In the charged atmosphere of pre-Revolutionary Boston, even football got caught in political disputes.
In 1768-69, Boston’s Whigs sent a series of anonymous dispatches to newspapers in other colonies, describing (with some exaggeration but mostly a lot of complaint) the town’s sufferings after four army regiments had arrived at the request of the royal governor. In the 13 January 1769 letter, the Whigs turned their attention to football:
At a C——l [Council meeting] last Thursday G.B. [Gov. Francis Bernard] exhibited another specimen of the inexpressible littleness of his mind, and the fullness of its enmity against the people: It seems that some boys were the other evening playing at foot ball near the province house [the governor’s official residence] when either by accident or design; they threw down one of the centry boxes at the gate; this rude and mischievous behaviour of children, the G——r has represented to the C——l as a serious and important matter, upon which he required their advice or concurrence, in giving orders to the King’s Attorney to prosecute them for the same, which we are told has been done; and we doubt not an account of this little rude boyish trick, will be transmitted to Administration [in London] with such glosses and comments, as may have a tendency to impress them with the heinousness of the offence; and as another proof of the necessity of regular troops, to keep the inhabitants in order.
At most other times, Boston was not so indulgent toward football-playing youth. According to social historian Alice Morse Earle, the town had passed a law against playing football in the streets as early as 1657. In 1787 the selectmen asked “the several Masters of the public Schools, that they make their respective Scholars acquainted with the By Laws forbidding to throw Snow Balls and play Foot Balls in the Street.”
In a deposition dated 24 July 1770 and held at the British National Archives, Pvt James McKaan of the 29th regiment described another confrontation with Boston youths over football on the previous 25 December. (This may be the first documented example of that American tradition, the Christmas Day football game.) McKaan was on sentry duty at Boston Neck, the narrow land entrance into two. In late afternoon a number of young locals started kicking a football around nearby. The soldier went into his sentry box for a while, then came out and told the people to keep their game away from him. The crowd, probably resenting the military presence in town in the first place, became more rowdy and "at lenth Struck the Ball against this Deponent and hit him on the Head."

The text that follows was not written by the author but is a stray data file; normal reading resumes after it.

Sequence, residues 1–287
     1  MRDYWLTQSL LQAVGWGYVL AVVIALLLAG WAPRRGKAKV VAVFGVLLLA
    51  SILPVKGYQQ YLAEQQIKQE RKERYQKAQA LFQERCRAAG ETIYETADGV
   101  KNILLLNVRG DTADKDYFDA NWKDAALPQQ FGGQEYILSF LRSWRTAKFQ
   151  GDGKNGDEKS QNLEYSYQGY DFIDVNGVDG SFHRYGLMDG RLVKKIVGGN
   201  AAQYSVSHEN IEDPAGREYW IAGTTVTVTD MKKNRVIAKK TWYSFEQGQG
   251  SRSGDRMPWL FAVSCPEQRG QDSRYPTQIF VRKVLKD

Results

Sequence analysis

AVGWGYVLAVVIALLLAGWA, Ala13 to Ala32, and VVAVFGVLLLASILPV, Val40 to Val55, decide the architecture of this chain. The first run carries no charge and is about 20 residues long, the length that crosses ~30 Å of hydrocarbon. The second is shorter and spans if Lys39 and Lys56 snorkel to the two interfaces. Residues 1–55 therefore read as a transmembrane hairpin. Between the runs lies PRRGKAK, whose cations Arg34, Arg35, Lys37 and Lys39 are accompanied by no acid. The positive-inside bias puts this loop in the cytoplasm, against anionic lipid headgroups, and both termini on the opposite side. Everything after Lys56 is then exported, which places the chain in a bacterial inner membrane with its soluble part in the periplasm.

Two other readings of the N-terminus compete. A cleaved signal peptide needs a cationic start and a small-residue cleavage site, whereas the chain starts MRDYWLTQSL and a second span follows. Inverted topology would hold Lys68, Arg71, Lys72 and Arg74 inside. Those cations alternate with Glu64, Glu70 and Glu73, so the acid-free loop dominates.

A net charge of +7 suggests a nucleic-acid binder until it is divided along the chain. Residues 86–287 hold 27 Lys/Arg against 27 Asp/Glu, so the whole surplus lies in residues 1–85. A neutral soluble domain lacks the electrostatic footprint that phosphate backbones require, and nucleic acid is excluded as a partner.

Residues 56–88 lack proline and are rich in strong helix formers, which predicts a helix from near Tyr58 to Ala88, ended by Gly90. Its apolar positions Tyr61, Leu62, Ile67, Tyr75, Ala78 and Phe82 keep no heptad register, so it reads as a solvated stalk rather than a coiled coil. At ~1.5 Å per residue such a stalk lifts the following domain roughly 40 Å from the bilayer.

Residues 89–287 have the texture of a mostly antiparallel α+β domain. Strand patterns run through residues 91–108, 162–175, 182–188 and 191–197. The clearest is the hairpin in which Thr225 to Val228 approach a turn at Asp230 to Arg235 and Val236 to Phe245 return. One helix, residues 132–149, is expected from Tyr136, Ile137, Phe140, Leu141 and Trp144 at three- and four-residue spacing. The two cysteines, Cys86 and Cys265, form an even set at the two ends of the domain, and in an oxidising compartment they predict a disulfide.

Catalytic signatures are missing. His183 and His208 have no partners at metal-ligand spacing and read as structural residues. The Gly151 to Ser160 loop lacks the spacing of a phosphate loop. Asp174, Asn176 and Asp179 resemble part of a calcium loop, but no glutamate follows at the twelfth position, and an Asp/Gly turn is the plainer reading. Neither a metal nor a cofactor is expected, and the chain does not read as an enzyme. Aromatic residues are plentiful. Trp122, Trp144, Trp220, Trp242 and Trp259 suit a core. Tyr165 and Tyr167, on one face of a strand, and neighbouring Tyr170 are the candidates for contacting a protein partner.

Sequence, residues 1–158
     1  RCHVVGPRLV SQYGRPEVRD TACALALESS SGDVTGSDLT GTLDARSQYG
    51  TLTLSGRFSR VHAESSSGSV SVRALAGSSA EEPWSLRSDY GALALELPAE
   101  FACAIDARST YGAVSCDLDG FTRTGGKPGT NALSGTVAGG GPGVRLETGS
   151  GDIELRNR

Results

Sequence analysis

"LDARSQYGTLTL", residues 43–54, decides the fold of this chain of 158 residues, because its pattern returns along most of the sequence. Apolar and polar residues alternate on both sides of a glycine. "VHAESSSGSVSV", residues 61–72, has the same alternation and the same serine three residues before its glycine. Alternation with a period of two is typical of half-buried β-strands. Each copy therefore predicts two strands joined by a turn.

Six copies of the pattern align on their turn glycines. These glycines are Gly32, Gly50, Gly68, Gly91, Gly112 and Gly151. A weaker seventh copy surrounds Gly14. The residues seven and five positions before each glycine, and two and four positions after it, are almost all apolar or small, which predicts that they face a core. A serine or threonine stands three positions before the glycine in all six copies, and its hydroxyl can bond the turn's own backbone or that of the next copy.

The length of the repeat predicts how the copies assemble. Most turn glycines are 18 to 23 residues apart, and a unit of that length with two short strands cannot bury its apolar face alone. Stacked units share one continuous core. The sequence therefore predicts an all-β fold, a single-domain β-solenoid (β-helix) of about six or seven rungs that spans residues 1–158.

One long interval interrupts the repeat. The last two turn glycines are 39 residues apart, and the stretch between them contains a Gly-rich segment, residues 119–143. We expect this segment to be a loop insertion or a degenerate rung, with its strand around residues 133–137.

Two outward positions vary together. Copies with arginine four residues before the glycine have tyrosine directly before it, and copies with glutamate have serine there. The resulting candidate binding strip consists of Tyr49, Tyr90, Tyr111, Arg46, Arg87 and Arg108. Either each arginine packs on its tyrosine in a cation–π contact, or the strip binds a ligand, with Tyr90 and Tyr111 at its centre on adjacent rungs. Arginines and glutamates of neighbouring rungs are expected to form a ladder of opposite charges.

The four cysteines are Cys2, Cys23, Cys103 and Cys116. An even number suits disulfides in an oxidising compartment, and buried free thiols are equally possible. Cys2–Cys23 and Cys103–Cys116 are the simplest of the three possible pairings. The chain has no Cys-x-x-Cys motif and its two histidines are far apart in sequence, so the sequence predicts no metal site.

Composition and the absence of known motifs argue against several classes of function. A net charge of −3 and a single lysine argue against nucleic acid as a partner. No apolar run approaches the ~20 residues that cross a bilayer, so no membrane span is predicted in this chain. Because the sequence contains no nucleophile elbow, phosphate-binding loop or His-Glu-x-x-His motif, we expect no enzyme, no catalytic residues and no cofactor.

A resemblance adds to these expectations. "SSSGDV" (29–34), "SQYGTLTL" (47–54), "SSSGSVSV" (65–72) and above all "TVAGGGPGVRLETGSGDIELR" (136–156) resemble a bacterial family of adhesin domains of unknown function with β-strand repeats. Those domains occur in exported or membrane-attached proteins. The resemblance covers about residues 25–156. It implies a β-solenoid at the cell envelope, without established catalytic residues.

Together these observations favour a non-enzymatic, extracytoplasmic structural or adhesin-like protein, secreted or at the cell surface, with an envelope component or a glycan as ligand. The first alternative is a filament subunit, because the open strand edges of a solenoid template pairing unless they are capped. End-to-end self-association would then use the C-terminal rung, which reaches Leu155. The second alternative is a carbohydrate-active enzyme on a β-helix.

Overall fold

The football bounced over a wall. McKaan insisted that no one was allowed to go after it. But "A Young Lad" jumped over the wall to get the ball, and someone else threw a stick at the private's chest. McKaan "made an offer to strike him that Jumped after the Ball but did not reach him," then retreated back into the sentry box. At that point the crowd reverted to strict interpretation of the law, and left to find a magistrate to arrest McKaan for trying to assault the lad. McKaan said he had to lay low for a little while to avoid arrest. (I use this example of a confrontation between the military and Boston youths in my chapter of Children in Colonial America, due this fall from NYU Press.)
The rules for football in colonial Boston were probably informal, adapted to the players and location as in pick-up soccer games today. As for the footballs themselves, in A Restless People Oscar and Lillian Handlin described New Haven boys in this period playing “with a blown-up bladder.” The British antiquarian Joseph Strutt described boys in rural England centuries before playing with “a blown bladder without the covering of leather...putting peas and horse beans withinside, which occasioned a rattling as it was kicked about.” But Strutt also noted that in the same period shoemakers made leather footballs.
However the ball was made, it had to bounce. John Greenwood, a teenaged soldier in the winter of 1775-76, recalled in his 1809 memoir seeing large shells from the British artillery “strike the ground when it was frozen and bound up like a foot-ball.” African-American veteran Boyrereau Brinch, writing in 1810, also used a football metaphor to describe his vicissitudes: “I was fortunes football, and must depend upon her gentle kicks.”